Perro Come Perro

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Colombian director Carlos Moreno’s debut film Perro Come Perro, which premiered at Sundance and was shown at the Miami International Film Festival, captures the universal reality of greed and its cancerous effect on humanity. He does so with excruciating intensity and a keen eye for black humor found in the most violent of situations. It’s an adrenalin shot, not for the timid,  that snatches your attention from the first frame and doesn’t let you go.

The setting for this Pulp Fiction-meets-Serpent and The Rainbow a lo criollo, takes place on the gritty streets of Cali, Colombia. Two thugs cross the wrong man and become unknowingly marked for the ultimate punishment; and it isn’t necessarily death. Brujería plays an important roll in this film and as Moreno mentioned during a screening at the festival, “Most powerful characters in history and literature have always found advice and help from magical sources or shamans”. Think of Arthur and Merlin, or Tsar Nicholas of Russia and Rasputin; in Perro Come Perro, a powerful capo is aided by a bruja who promises to bring down his enemies with methods more frightening than knives or bullets.

Víctor Penaralda (Marlon Moreno) and Eusebio Benítez (Oscar Borda)  are two paid criminals brought together in a small seedy hotel room to await a “job” without realizing the joke is on them. The conflict unravels and paranoia levels escalate with every twist and turn as judgment day looms dark and heavy upon them like a recurring nightmare.

This visually stylish film duplicates the nauseating feeling of eminent danger through the heavy use of color. Non-glamorous yellows and greens turn an already harsh reality into a scorching hell where characters appear clammy and desperate. The use of a handheld camera gives the film’s tense scenes a realistic documentary-like feel that keeps the suspense taut, making Perro Come Perro neo-noir at its best. A catchy soundtrack including music by Superlitio , La Mojarra Eléctrica and Malalma compliment the urban settings and raw scenes very well. The fusion of salsa and other Caribbean rhythms mixed with drum and bass and a little rock, make an ideal background for this apocalyptic tale.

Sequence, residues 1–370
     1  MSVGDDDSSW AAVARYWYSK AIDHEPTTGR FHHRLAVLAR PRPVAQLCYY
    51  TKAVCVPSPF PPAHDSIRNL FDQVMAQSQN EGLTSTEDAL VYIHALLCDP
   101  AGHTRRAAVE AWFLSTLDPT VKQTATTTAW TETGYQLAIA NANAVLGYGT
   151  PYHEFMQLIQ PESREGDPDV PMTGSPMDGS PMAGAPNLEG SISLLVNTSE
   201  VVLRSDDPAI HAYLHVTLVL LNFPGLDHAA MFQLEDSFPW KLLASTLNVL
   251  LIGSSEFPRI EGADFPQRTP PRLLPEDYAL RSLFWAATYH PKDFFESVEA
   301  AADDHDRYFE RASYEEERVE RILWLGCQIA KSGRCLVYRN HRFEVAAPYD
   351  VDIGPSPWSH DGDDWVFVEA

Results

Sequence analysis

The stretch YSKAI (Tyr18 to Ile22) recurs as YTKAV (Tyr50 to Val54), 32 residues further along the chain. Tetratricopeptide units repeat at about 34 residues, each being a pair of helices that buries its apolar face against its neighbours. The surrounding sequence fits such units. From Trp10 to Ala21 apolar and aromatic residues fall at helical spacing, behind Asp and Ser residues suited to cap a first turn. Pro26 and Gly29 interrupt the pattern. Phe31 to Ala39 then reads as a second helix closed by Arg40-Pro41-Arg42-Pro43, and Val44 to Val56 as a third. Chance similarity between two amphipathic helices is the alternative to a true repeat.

As any good director, Moreno also aimed for the acting to be flawless in this production (and shouldn’t that be a rule for every movie ever made?) TV actor Marlon Moreno plays Víctor –a criminal willing to put everything on the line for  his family– with quiet intensity and we see the unbendable determination and desperate paranoia of a man making instinctive decisions. Oscar Borda’s Eusebio begins as a rough ruthless thug who goes through horrific psychological and physical effects of witchcraft, ending up almost unrecognizable. On the light side, comic relief is provided by Sierra (Alvaro Rodríguez). His Pesci-like character creates a balance between Víctor and Eusebio, thanks to his sociopath behavior and hilarious one-liners. However, not all performances are as natural. El Orejón, played by Blas Jaramillo just isn’t as convincing as the rest of the characters.

This film was the first Colombian feature to make it to Sundance and even though it didn’t win any awards and was criticized for its violence, it quickly managed to get picked up by French film company Celluloid Dreams. After a warm welcome at the Miami Film Festival,  Perro Come Perro will be shown next at the Guadalajara film festival and then is off to San Sebastián to continue the festival circuit before it bites into theatres sometime this year.